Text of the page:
The Road to 50: Podcast: African Americans on the role of Higher Education in Innovation

By Ayori S. 0 Comments

How many times in your life have you heard someone say “go to college so you can get a good job”? Sadly I’ve heard this statement so many times I can’t even count it. I’ve heard it said by educators, the media, even bums at the liquor store, nearly every message and reason I’ve ever heard someone offer for going to College or University was “to get a good job”. This messaging has been consistent for at least the last 20 years however the college graduation rates for African Americans (especially in STEM fields) have only increased marginally which begs the question, are we sending the right message to African Americans about higher education? Is the proper role of college and universities to help graduates attain work or is it something greater? Have we missed the mark on sending the right message about the value of a higher education all along? Is there a “higher” calling to higher education that could better hook, commit, and aid African American graduation rates? To begin answering these questions #BITTechTalk will engage experts across the nation in a critical dialog around Higher Education, African Americans and STEM during CSEdWeek (Computer Science Education Week).  Click to Listen to the Replay.

As CS Ed Week (Computer Science Education Week) comes to a close the nation has made it a point to engage the youth on the topic of Computer Science education and teaching kids everywhere some basics about coding and developing computer programs, but where to next? Are we teaching our youth to code so that they can simply find jobs? Is learning python, ruby, java and html enough to drive an innovative economy in our nation? I doubt it. As the power of the internet moves the national dialog to answer the trendy question of “how do we create more computer programmers?” a better question arises, “why, how and who did the research to create these programming languages”? Many of the technologies we use today were developed inside universities such as MIT and UC Berkeley as a part of research experiments. Google for example began as a research project at Stanford by Larry Page, i.e. PageRank. Suffice to say an hour of code will not create the next Larry Page, so what will? To add further fuel we also know that the often ignored brains behind Apple, Steve Wozniak spent merely a single year at the University of California at Berkeley before dropping out to build the first Apple computer. He has since been decorated with a bunch of honorary degrees and doctorates for his contributions to research and technological innovation. What did Larry Page and Steve Wozniak have in common? In my opinion what they have in common is the deep commitment to research, understanding, experimentation and problems solving.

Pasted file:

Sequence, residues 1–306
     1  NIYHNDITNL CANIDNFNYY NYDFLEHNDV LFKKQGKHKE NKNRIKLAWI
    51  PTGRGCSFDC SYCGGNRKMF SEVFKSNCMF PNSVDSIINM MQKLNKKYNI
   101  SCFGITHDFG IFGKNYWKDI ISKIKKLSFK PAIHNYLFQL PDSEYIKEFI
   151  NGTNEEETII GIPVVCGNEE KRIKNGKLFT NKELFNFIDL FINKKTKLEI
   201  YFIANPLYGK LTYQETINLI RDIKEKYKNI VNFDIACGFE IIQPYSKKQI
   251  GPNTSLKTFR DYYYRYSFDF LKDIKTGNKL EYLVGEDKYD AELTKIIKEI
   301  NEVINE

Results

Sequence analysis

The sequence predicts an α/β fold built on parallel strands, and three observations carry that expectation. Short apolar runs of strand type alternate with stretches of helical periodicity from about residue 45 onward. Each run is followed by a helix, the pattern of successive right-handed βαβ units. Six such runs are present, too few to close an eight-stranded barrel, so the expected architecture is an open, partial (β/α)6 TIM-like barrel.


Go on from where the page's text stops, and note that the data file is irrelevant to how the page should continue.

In seeking to understand the dynamics and importance of research- not degrees, problem solving- not adoption, BIT has assembled an all star panel of educators to discuss the “Role of Higher Education in Innovation” during a special LIVE #BITTechTalk Podcast. During the Live talk we’ll be taking questions from the audience via Twitter. Please use with the hashtag #BITTechTalk when submitting your questions. RSVP for the event on Facebook and tune in live on Friday, December 13th at 5PM Pacific / 8 PM Eastern for this incredible discussion that we hope will move the needle on African American success in higher education.